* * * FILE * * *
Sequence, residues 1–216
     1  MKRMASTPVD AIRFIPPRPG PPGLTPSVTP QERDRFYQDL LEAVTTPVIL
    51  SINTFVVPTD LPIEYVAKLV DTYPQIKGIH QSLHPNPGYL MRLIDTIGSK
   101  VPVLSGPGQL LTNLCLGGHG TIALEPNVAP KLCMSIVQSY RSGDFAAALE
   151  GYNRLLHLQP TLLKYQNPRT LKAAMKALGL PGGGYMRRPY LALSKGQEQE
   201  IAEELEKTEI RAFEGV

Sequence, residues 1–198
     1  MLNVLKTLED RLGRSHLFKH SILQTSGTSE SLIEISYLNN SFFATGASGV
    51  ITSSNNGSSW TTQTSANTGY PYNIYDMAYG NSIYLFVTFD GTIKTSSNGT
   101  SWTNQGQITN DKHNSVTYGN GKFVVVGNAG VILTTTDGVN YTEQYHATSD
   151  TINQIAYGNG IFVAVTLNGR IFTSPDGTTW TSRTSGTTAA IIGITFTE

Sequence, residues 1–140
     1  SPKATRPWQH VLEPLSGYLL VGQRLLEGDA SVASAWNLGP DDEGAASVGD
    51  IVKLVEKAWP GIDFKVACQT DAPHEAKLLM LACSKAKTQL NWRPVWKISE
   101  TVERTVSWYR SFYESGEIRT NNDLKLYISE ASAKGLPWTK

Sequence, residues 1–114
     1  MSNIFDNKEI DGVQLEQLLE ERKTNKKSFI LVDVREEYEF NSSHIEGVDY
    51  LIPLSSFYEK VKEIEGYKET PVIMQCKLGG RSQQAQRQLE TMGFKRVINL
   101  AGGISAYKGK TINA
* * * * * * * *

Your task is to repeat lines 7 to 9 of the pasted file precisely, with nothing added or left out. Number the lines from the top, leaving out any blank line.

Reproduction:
Sequence, residues 1–198
     1  MLNVLKTLED RLGRSHLFKH SILQTSGTSE SLIEISYLNN SFFATGASGV
    51  ITSSNNGSSW TTQTSANTGY PYNIYDMAYG NSIYLFVTFD GTIKTSSNGT